Narrative of the Life of Frederick Douglass Chapter 4 Summary
- Mr. Hopkins doesn't work out as overseer, so Colonel Lloyd replaces him with a Mr. Gore. (Hmm, Mr. Severe, Mr. Gore – we're detecting a pattern here.)
- Being an overseer is a line of work that demands a sadistic personality. Mr. Hopkins wasn't sadistic enough, but Mr. Gore excels at his job.
- When it comes to slaves, the rules are very simple: the slave is always wrong. Mr. Gore really, really believes in this rule, and the only way to avoid being convicted of a crime and punished for it is to not be accused in the first place.
- Again, and we can't stress this enough, Mr. Gore is really good at his job. For example, Douglass tells the story of a slave named Demby who tried to escape from a beating Mr. Gore was giving him by jumping into a stream and refusing to come out. Mr. Gore warns Demby that he will shoot him if he doesn't come out of the water.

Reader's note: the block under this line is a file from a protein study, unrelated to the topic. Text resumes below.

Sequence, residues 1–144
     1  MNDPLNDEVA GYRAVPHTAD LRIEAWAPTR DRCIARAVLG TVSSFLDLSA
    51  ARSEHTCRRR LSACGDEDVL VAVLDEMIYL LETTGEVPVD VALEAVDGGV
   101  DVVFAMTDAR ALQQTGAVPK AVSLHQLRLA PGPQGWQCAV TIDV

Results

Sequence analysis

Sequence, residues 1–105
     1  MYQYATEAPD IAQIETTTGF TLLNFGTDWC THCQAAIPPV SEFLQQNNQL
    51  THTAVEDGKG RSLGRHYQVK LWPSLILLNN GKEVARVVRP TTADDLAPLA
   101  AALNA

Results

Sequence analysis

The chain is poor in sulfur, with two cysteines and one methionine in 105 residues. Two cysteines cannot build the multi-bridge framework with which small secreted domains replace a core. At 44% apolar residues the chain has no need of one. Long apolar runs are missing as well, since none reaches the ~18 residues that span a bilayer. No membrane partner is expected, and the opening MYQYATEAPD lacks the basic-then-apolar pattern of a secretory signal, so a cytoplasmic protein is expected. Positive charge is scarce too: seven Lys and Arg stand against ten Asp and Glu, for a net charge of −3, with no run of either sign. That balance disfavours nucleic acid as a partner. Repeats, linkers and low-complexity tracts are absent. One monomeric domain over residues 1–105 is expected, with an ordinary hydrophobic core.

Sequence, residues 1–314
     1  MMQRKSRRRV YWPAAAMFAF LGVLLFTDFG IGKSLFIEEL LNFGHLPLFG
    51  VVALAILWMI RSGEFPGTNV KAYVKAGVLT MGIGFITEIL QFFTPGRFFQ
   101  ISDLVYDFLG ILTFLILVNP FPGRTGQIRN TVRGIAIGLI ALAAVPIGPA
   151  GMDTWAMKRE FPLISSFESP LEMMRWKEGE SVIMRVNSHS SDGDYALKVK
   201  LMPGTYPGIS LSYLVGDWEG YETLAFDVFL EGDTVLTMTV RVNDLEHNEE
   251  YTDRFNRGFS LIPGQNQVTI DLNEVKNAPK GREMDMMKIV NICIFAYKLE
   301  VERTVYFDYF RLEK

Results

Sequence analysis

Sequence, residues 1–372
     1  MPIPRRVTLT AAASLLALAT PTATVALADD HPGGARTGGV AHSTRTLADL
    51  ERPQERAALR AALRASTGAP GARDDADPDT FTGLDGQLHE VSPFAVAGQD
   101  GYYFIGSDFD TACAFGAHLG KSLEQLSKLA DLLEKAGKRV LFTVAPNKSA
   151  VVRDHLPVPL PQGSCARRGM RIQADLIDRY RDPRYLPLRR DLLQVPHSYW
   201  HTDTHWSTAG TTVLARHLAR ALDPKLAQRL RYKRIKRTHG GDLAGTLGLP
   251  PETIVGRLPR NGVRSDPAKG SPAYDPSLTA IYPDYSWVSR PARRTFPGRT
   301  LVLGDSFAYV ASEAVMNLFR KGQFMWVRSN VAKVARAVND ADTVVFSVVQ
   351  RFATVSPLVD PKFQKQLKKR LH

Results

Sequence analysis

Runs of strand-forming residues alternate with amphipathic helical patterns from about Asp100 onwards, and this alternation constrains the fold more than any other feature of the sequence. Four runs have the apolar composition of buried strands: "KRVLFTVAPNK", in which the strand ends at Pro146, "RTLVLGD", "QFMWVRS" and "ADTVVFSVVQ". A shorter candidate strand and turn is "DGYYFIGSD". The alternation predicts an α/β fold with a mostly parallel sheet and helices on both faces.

- Demby doesn't come out of the water.
- Mr. Gore shoots him.
- Douglass notes that Mr. Gore wasn't punished for the murder in any way, not even for having destroyed valuable "property."
- The lesson, it turns out, is that an overseer can be fired for not being cruel enough, but an occasional murder is just part of the job.
- More than occasional, in fact; Douglass recounts three more times when an overseer murders a slave – for reasons that range from completely unjustified to completely unnecessary – to make another very simple point: the life of a slave can come to an end at any time, for no reason at all.